Of course, downsizing is only the tip of the jargon-berg. Businesses aren’t mentioned in the same breath as poets, but both have a persistent impulsive to rename their world, often in a way that makes others roll their eyes. Last year, lingerie company Neon Moon decided to ditch traditional size labels with some flattering verbiage: lovely, beautiful, and gorgeous. Those words may fit all egos, but good luck figuring out whether they fit your body.
In her annual roundup of “corporate guff” in the Financial Times, Lucy Kellaway recently produced another bumper crop of balderdash, including a question asked by Iain Roberts of design company Ideo: “How to activate insights around latent mobility or multimodal needs?” Perhaps that question was meant to be a Zen koan or enhanced interrogation method, to use a popular euphemism for torture. In addition to collecting terms such as “hair management system” (swimming cap) and “Life Performance Solutions” (socks), Kellaway spotted another all-star term for termination: “orderly ramp-down of about 3,000 persons.” Yes, that means 3,000 people lost their jobs.
We’ll never be rid of euphemisms, but it would be nice to save them for situations that actually do a little good
Of course, euphemisms aren’t limited to the corporate world: they pop up everywhere, usually when there seems to be something to hide. Embarrassed by your wrinkles? Refer to them as laugh lines. Don’t want to use the word zombie in your show about zombies? Call them biters and walkers. Want to gloss over a sexual encounter? Say you had an overnight date. Want to discuss potential rights for robots, as the European Union soon will? Call them electronic persons. Does chatting with people sound too mundane? Say you’re engaging in a coterminous stakeholder engagement, to use a term produced by England’s Northampton Borough Council.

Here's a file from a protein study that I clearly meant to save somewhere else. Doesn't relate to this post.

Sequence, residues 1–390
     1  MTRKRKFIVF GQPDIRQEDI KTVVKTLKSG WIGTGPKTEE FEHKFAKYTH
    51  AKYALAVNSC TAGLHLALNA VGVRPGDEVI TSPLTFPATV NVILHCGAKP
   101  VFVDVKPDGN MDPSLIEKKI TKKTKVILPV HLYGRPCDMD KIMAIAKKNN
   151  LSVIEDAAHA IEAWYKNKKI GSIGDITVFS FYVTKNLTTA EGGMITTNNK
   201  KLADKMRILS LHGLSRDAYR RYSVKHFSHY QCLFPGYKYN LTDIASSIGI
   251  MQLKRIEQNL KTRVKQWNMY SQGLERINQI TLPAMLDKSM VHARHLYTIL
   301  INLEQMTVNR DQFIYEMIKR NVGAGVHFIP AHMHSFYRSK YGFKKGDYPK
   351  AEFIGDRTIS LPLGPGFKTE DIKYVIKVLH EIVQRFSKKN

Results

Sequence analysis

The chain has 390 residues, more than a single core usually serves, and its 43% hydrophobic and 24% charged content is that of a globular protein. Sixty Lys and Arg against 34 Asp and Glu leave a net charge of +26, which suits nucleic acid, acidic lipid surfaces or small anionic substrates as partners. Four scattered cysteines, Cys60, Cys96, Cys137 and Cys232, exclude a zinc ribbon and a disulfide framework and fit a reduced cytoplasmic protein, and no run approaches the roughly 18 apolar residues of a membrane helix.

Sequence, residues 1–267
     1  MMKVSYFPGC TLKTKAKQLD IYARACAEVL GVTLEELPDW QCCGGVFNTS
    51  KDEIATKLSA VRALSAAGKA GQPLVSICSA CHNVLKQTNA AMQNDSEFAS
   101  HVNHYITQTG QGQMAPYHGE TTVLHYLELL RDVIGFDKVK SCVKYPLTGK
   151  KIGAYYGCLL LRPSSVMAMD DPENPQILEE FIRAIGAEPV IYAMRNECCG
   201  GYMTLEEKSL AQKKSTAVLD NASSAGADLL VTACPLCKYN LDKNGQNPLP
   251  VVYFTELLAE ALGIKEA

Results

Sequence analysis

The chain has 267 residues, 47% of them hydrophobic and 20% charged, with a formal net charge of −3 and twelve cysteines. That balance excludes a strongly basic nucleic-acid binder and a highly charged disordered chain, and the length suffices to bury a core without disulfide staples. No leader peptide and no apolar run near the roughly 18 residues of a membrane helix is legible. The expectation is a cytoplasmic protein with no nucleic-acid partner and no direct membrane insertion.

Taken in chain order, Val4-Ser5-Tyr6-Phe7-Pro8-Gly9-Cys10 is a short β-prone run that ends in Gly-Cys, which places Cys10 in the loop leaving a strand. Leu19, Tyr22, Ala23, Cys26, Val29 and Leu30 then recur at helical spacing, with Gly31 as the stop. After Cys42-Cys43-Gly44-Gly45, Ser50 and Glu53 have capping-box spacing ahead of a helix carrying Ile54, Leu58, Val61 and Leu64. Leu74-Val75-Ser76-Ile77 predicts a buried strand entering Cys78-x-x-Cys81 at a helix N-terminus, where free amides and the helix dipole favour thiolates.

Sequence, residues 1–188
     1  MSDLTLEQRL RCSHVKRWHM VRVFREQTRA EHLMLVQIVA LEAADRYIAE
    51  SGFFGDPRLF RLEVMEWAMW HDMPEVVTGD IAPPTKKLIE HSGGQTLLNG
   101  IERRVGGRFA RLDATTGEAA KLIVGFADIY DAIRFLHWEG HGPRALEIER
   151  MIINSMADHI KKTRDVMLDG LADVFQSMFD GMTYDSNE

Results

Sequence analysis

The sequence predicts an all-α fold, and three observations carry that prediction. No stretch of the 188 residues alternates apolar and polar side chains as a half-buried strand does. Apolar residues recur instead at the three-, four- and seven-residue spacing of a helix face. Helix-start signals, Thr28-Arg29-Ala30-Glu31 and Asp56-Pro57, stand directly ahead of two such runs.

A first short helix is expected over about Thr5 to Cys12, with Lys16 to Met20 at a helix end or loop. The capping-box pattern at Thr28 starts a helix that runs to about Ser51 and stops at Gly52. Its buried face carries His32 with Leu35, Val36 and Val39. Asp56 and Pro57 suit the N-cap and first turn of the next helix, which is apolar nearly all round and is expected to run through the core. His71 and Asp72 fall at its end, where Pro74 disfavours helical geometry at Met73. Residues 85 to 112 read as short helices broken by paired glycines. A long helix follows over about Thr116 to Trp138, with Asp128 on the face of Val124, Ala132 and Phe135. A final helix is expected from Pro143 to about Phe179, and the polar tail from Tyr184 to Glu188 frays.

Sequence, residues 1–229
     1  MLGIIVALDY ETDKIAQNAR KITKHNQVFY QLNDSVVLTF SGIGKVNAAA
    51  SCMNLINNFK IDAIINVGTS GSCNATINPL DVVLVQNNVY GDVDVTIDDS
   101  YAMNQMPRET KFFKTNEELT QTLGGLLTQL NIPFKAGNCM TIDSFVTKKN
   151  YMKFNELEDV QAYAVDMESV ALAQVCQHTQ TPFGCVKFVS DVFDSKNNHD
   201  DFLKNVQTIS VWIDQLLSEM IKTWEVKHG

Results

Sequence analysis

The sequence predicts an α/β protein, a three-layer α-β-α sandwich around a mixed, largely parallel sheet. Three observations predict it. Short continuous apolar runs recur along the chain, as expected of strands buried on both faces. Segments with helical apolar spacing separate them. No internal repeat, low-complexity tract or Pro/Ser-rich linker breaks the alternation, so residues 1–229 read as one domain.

We’ll never be rid of euphemisms, but it would be nice to save them for situations that actually do a little good. If a person’s spouse died, saying they passed away is a much kinder choice than being slangy (kicked the bucket) or literal (fell off a roof). Euphemisms, in such circumstances, are our friends, but these reality-cushioning words make other friends who have a problem with cushion-hoarding. If you’re a manager who needs to fire someone, the use of vague verbiage adds insult to the axe wound of termination.
When discussing euphemisms, Orwell wrote, “A speaker who uses that kind of phraseology has gone some distance toward turning himself into a machine.” Self-cyborgification isn’t recommended by doctors, but I reckon the dehumanising of others is a worse sin — or, pardon me, moral lapse situation.
Mark Peters writes jokes on Twitter (@wordlust) and collects euphemisms in the Evasive Maneuvers column for Visual Thesaurus. He is also the author of Bullshit: A Lexicon.